Event Title

The Consequences of Social Exclusion on SelfRegulation of Unhealthy Eating Behavior

Presentation Type

Oral Presentation

College

College of Social and Behavioral Sciences

Major

Psychology

Session Number

1

Location

RM 218

Juror Names

Moderator: Dr. Manijeh Badiee

Start Date

5-18-2017 1:00 PM

End Date

5-18-2017 1:20 PM

Abstract

The self-evaluation maintenance model (SEM; Pleban & Tesser, 1981) predicts that social exclusion will be more detrimental to self-regulation when it is due to individual characteristics (e.g., personal ability). In contrast, social identity theory (SIT; Tajfel & Turner, 1986) predicts that social exclusion will impair self-regulation more when it is due to group membership (e.g., ethnicity or gender). Although these two theories appear contradictory concerning their prediction for social exclusion, we maintain they are complementary and depend on whether or not the exclusion is deserved, or fair. We argue social exclusion will be more detrimental when individuals are fairly excluded based on their individual characteristics (SEM) or unfairly excluded based on their group membership (SIT). We are recruiting Latina participants at CSU San Bernardino to participate in an online game called “CSUSB Survivor”. Participants experience a situation that simulates fair or unfair social exclusion based on either individual characteristics or group membership. Participants play two rounds of the game before they are excluded. After being excluded from continuing the game, participants are asked to rate different recipes of M&Ms on several dimensions such as crunchiness and sweetness. M&M consumption is measured in grams to determine participant’s level of self-regulation over high caloric food. A 2 (fair versus unfair) x 2 (individual versus group) ANOVA will be used to analyze results. Support of our hypotheses will suggest that both fairness and type of social exclusion are significant factors in determining the impact of rejection on people’s ability to self-regulate.

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May 18th, 1:00 PM May 18th, 1:20 PM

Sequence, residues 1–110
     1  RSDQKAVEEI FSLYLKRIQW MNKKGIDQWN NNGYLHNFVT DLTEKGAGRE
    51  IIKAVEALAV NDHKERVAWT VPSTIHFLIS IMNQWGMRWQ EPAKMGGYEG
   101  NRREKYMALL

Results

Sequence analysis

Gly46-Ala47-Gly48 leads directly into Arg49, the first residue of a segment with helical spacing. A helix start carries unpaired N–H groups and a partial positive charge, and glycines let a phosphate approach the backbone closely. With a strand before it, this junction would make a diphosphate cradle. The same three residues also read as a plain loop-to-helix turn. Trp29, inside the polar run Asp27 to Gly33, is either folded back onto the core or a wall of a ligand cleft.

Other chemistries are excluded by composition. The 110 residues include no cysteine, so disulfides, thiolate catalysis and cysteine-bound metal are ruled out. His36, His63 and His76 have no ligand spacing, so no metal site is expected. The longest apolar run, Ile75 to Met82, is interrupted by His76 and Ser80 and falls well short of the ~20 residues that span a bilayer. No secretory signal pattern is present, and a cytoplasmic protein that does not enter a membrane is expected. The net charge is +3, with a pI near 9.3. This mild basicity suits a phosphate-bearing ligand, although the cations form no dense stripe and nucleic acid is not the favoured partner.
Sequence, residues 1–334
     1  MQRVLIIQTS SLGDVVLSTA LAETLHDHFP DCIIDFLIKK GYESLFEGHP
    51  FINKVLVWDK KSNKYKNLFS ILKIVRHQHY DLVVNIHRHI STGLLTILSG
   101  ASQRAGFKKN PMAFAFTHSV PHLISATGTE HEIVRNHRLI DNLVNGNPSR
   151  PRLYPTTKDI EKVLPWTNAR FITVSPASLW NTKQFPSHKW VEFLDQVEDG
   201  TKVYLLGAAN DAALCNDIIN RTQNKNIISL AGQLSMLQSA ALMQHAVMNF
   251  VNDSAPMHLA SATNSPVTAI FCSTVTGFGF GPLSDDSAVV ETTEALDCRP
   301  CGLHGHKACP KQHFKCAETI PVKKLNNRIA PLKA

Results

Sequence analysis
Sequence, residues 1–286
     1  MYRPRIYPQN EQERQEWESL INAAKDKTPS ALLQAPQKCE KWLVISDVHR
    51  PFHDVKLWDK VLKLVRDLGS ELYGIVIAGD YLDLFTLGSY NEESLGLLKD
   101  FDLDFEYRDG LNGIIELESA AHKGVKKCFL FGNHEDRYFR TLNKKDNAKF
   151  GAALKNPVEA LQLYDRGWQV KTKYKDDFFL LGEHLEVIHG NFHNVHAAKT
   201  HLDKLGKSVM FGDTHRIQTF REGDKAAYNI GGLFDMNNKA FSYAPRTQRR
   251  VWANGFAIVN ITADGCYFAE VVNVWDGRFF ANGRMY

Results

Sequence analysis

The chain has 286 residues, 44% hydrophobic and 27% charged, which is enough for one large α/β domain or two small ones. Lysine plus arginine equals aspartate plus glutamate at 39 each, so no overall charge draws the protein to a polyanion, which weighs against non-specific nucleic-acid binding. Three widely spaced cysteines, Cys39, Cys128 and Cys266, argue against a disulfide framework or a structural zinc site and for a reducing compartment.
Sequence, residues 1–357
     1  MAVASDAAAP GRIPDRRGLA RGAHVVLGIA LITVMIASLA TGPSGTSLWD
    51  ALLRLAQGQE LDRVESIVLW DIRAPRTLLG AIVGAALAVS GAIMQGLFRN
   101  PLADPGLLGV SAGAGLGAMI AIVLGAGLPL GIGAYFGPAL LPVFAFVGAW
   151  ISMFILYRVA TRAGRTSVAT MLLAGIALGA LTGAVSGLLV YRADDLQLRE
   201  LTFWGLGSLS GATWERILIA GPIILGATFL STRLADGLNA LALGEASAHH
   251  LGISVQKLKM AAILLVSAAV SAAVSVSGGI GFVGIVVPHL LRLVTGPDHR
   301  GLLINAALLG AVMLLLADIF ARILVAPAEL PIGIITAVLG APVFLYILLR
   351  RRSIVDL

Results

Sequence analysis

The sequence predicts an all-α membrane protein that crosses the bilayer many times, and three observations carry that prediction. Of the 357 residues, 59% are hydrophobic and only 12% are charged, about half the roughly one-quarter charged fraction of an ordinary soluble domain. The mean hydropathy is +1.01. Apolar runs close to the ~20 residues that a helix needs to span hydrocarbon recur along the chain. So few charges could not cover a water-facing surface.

The Consequences of Social Exclusion on SelfRegulation of Unhealthy Eating Behavior

RM 218

The self-evaluation maintenance model (SEM; Pleban & Tesser, 1981) predicts that social exclusion will be more detrimental to self-regulation when it is due to individual characteristics (e.g., personal ability). In contrast, social identity theory (SIT; Tajfel & Turner, 1986) predicts that social exclusion will impair self-regulation more when it is due to group membership (e.g., ethnicity or gender). Although these two theories appear contradictory concerning their prediction for social exclusion, we maintain they are complementary and depend on whether or not the exclusion is deserved, or fair. We argue social exclusion will be more detrimental when individuals are fairly excluded based on their individual characteristics (SEM) or unfairly excluded based on their group membership (SIT). We are recruiting Latina participants at CSU San Bernardino to participate in an online game called “CSUSB Survivor”. Participants experience a situation that simulates fair or unfair social exclusion based on either individual characteristics or group membership. Participants play two rounds of the game before they are excluded. After being excluded from continuing the game, participants are asked to rate different recipes of M&Ms on several dimensions such as crunchiness and sweetness. M&M consumption is measured in grams to determine participant’s level of self-regulation over high caloric food. A 2 (fair versus unfair) x 2 (individual versus group) ANOVA will be used to analyze results. Support of our hypotheses will suggest that both fairness and type of social exclusion are significant factors in determining the impact of rejection on people’s ability to self-regulate.